Album Review: Nadja – Luminous Rot

[Southern Lord; 2021]

Berlin-based Canadian duo Aidan Baker and Leah Buckareff have been churning out their fuzzy doom shoegaze dreamsludge hybrid racket as Nadja for 16 years now. Their albums have masterfully incorporated aspects of ambient, drone, and white noise as Baker and Buckareff explore the sonic possibilities and limitations of playing as a duo. Luminous Rot shifts slightly towards an industrial goth sound with some death metal vocals thrown in at certain places for good measure, another twist in the band’s journey. It’s clear that Nadja are a force that needs to keep on evolving as they develop. 

“Intro” kicks things off, a drone and distortion-fest that comes as close to sounding like label mates Sunn O))) as most have ever got. It’s agonisingly slow, each chord dragging itself into being after an elongated wait. And then it’s over far, far too quickly. This is the one major issue I have with the album overall as the length of tracks are often too short – all bar one are under 10 minutes long. For most bands that would be an almost insufferable mark of indulgence and yawn-inducing repetition, but for Nadja it’s their stock in trade – something they do with such grace that tracks never outstay their welcome. It’s often difficult to entirely get lost in the songs on Luminous Rot as they are done before their time is served. You can always skip to the beginning again if you want more, I suppose.

The title track comes next and is densely packed, as you’d expect from Nadja. There is a gothic tinge to the song that is a welcome addition to the noise created by the duo, and this adds a certain warmth to the track. The pounding, metronomic and mechanical drum machine and the deep drawl of the vocal hark back to prime era Sisters of Mercy (which was 1983 by the way, folks) and sounds like an offcut from that band’s glorious The Reptile House EP. The distortion on the guitars is dialled up to eleven, an impenetrable haze of volume with Baker’s vocals being languid yet confident.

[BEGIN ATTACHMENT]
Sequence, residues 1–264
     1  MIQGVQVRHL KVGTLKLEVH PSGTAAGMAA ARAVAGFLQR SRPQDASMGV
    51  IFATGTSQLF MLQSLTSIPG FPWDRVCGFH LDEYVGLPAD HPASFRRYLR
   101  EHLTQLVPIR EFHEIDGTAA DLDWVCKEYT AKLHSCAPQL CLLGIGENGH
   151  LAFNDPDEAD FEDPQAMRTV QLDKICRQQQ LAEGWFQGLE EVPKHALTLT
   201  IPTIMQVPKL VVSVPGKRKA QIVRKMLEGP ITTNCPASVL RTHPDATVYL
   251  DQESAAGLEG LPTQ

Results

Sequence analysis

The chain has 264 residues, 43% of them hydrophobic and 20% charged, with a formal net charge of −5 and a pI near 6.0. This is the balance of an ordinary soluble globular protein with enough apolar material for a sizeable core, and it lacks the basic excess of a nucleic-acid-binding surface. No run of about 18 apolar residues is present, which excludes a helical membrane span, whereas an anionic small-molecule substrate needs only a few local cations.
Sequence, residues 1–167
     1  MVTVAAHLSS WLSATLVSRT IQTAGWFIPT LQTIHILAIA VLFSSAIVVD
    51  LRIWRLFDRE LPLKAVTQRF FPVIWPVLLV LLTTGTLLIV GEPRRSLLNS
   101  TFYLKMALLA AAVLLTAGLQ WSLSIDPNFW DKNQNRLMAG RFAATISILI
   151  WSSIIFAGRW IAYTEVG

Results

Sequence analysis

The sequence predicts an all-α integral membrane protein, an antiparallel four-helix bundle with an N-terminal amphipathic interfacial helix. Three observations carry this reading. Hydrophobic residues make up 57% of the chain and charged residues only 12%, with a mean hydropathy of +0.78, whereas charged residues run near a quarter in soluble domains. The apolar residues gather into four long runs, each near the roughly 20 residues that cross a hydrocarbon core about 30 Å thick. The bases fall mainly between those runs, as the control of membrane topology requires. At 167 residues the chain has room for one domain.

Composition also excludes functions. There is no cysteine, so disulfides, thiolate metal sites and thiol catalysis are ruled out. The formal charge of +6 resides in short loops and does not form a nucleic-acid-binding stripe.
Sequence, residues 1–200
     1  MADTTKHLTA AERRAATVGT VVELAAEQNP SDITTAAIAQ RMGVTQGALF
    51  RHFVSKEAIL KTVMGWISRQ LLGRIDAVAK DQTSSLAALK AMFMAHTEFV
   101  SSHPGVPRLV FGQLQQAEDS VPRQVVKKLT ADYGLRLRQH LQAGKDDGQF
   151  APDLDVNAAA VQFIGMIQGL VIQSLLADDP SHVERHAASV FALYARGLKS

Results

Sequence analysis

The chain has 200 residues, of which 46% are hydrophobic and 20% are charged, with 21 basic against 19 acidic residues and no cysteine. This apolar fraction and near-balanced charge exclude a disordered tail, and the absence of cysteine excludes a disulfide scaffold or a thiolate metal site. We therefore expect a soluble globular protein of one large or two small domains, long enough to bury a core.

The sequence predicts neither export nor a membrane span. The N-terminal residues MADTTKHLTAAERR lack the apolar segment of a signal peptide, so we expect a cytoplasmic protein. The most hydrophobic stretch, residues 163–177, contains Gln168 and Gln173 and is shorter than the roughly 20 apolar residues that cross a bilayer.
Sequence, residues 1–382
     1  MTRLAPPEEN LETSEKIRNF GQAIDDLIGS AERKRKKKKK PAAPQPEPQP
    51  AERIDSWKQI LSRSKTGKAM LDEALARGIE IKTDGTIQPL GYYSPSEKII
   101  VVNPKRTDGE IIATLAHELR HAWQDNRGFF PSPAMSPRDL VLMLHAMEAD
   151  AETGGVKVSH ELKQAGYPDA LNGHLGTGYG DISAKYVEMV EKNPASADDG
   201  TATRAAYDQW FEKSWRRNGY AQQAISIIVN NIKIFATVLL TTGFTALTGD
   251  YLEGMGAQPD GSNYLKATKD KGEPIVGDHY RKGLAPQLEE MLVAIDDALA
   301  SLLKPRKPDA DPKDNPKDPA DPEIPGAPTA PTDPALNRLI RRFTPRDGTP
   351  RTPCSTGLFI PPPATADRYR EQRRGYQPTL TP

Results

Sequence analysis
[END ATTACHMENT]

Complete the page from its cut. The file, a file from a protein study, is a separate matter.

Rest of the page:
The theme of first contact with aliens is at the narrative centre of Luminous Rot, yet the vocals are so obscured in the mix that it would be tricky to pinpoint exactly what these tracks are about lyrically. Luminous Rot is the first album where Nadja have worked with a producer, and David Pajo of Slint, Zwan and Papa M fame does the job here, but it would be difficult to say what he has added to the band’s sound that hasn’t already been heard on numerous of their other records. The drums are a little harsher, with lots of treble on the snare in particular, but beyond that this is a standard sounding record for this band. There is a more angular, post-punk feel to some of the tracks here but it feels like the standard morphing-between-records thing that fans have come to expect from Nadja. And have I mentioned that the tracks aren’t long enough? It would be difficult to lay that at anyone’s feet, so I’ll just state again that THE TRACKS AREN’T LONG ENOUGH and move on.  

“Cuts on Your Hands” is the album’s centrepiece and is (finally!) a decent length at just over 12 minutes. The opening riff is so dense that it feels as though you are experiencing it from inside the amps, the vibrations of sound being skeleton shaking in their visceral intensity. There is a melancholic splendour at the heart of this song, with guitar chords descending and being mirrored by the vocal line. It’s like The Jesus and Mary Chain played at half speed, a contorting beast that has too much self-awareness to be anything other than filled with lethargy.    

“Starres” returns back to the fuzzy, goth cold-wave sound that is an obvious focal point for this record. The track’s minimalist instrumentation is obscured by the wall of sludge spewing from the amps as the space between notes is taken up by feedback squalls and sustained distortion. It’s the vocals on this track that elevate it above the rest of the work on Luminous Rot, as not only is there the standard Nadja monotone, emotionless delivery but also an exquisite death rattle vocal, akin to Atilla Csihar at his most gut-wrenching and feral best. The track’s beauty is in its repetition with cycles of sound cascading and swirling until they disintegrate into an oscillating wall of feedback. Not for the casual listener, for sure.

With Luminous Rot, Nadja have written their most accessible body of songs to date yet the melodies are obscured behind a haze of fevered distortion that makes them, at times, impenetrable. There is an effervescence at play here, albeit one cloaked in the dragging weight of experiential being. Nadja have often been a band who have played with aural textures, with the light and shade of sound, and have the rare ability to allow the listener to lose track of time as they fall into the music. Luminous Rot is no different and is up there with their best work.